[ Nellie N Manpoong ]
At the very beginning of the pandemic, parents and guardians were reluctant to send their children to school, but after a complete year of shutdown of schools in 2020 and their staggered reopening towards the end of 2021, many have come to realize that children need schools to learn, to stay engaged, to grow, to build better relationships and just be children.
The new normal of online education has swerved into the direction of distance education and continues in many cities, towns and villages. Online education, even for children in cities, is tasking. As witnessed, teachers sometimes miss out on calling a child to present their class work as they sometimes fail to keep an eye on every child on different screens. At the same time, children too are not as attentive and take the opportunity to ignore the teacher, or are engaged in playing or doing other things during class.
It is all the more difficult for children in a state like Arunachal with lack of access to good internet connectivity and digital gadgets.
Amid the Covid surge, India entered 2022 with Covid-19 vaccines for children aged between 15 and 18 years, giving parents and guardians some comfort regarding the safety of their children from the virus. However, the turnout on the first day (3 January) in Arunachal painted a gloomy picture.
Only 1,785 of the total 98,003 target population of children received the vaccine in Arunachal, which means that the vaccination coverage on the first day was a mere 1.82 percent (rounded to 2 percent).
We need to factor in the delay in sending or receiving statistics and data, resulting in some districts reporting zero vaccination in the Covid bulletin, even though they had conducted vaccination drives on the day.
As per the bulletin, the highest turnout was in Dibang Valley district, where, of the 490 target population, 44 were vaccinated (9 percent). The capital region, which has the second highest population of 15-18 year olds (after Changlang) and likely more people who are educated and informed, had a mere one percent turnout, with only 118 of the estimated 8,305 children getting vaccinated.
There also seemed to be some confusion surrounding the vaccine’s name, the general eligibility criteria for children, and uncertainty regarding their identification and age proof documents, which may have attributed to the slow vaccination drive.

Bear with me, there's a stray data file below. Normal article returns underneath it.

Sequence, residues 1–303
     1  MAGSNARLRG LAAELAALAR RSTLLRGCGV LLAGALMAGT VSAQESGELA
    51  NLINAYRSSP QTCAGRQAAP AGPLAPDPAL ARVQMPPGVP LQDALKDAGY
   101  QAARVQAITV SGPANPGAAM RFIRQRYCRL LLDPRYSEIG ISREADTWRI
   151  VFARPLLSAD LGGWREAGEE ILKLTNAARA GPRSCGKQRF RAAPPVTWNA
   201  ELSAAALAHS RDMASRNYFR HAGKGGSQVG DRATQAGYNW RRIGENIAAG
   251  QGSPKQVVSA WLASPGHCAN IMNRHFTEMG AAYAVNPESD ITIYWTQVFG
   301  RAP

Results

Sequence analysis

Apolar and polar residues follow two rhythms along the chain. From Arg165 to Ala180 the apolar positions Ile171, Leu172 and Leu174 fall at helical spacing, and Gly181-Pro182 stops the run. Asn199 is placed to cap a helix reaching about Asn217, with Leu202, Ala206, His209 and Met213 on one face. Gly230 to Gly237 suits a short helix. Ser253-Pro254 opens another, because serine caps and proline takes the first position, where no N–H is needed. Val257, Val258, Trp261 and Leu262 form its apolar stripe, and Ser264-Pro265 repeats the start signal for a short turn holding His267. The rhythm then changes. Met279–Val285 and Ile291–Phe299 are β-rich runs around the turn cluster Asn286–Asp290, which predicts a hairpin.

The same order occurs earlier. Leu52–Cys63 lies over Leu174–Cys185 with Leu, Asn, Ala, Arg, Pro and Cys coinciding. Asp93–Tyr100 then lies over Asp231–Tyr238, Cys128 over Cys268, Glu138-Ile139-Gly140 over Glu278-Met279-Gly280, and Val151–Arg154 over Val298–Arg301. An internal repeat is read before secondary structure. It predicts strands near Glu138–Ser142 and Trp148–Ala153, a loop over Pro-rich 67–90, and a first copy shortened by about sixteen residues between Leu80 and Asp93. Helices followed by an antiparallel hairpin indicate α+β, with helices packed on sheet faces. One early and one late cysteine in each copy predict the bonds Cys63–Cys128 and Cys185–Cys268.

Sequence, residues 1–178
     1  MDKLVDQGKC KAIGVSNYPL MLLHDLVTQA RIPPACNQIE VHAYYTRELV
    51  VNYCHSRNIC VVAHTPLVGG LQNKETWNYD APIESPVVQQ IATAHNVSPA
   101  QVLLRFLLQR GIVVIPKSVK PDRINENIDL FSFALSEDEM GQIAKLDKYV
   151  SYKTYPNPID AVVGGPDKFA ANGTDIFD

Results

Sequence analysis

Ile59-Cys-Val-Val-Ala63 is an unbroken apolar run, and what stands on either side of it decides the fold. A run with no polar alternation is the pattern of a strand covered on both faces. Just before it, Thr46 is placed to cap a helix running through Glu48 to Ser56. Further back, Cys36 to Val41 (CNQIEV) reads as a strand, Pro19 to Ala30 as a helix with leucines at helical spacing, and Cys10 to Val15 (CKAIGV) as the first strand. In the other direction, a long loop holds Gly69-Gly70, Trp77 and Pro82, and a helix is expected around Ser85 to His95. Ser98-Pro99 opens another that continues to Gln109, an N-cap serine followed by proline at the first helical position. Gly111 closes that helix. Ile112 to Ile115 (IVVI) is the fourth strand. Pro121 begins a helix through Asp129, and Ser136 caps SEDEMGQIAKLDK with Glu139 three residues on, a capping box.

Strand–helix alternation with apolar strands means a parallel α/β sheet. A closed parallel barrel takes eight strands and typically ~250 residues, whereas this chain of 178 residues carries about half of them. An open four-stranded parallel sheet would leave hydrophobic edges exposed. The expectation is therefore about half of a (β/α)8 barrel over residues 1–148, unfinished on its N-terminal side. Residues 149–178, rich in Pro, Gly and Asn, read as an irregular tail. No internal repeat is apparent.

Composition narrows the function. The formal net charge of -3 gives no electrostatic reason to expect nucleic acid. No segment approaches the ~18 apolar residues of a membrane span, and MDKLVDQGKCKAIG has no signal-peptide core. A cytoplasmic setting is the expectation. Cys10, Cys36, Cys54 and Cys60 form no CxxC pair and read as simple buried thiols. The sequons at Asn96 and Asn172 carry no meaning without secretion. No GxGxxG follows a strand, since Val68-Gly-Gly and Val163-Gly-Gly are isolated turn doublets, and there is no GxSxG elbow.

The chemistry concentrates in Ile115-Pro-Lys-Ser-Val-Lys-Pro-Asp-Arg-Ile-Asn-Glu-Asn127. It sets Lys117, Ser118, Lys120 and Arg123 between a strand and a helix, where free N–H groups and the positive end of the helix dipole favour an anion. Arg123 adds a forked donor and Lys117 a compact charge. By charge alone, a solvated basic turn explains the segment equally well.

There have been announcements and advertisements that children aged between 15 and 18 years are eligible to receive the Bharat Biotech-developed Covid vaccine, Covaxin. But reports suggest that many uninformed people have been asking for Covishield for their children.
There is also confusion over whether the 18-year-olds are in the children’s category or the adult category.
It should be noted that the health ministry informed that those aged 18 and above (born in 2004 or before) are eligible for all vaccines, including Covishield.
Those aged 15-17 years (born in 2005, 2006, and 2007) are eligible only for Covaxin.
Even as the health department has announced that Aadhaar card or school ID, and in some cases any document that verifies the children’s age, will be accepted, some parents and guardians informed that children rarely have Aadhaar cards and some schools do not issue ID cards with the date of birth as such.
As we complete a week of the vaccination drive for children in the state, as of 9 January, West Siang district crossed the halfway mark with 52 percent and West Kameng is closing in with 47 percent coverage. While Kurung Kumey (2 percent) and Kamle (3 percent) have been slowly picking up pace, Kra Daadi has had only nine vaccinations, which does not account for even one percent of its total population of 3,325.
In an attempt to maximize vaccination coverage and achieve the government’s plan to complete the first dose of vaccination in 10 days’ time, the health department has also begun its Har School Dastak vaccination programme since 5 January in as many government and private schools as possible, and a total of 18,941 (19 percent) young people in the age group of 15 to 18 years were vaccinated till 9 January.
Although the vaccines seem to have helped most of us build a certain layer of protection against severe symptoms, it is difficult for anyone to predict what path the new Covid variants will take. Nobody wants their child to get ill; nobody wants a shutdown of schools and colleges; and certainly, nobody wants a lockdown.
Restrictions are inevitable for public health safety, but there has been public outcry in Italy and France, following orders such as barring unvaccinated people from accessing restaurants, shops, transport and other public activities. Dictatorial in nature, acquiring a vaccine pass cannot and should not be seen as the only way out as vaccinated people too continue to get infected.
There is no easy way out, but a simpler solution would include the oft-repeated slogan of health officials to “follow Covid-appropriate behaviour,” such as wearing a mask and maintaining hand hygiene.
Keeping everyone safe and satisfied at the same time seems like a double-edged sword for governments around the world now.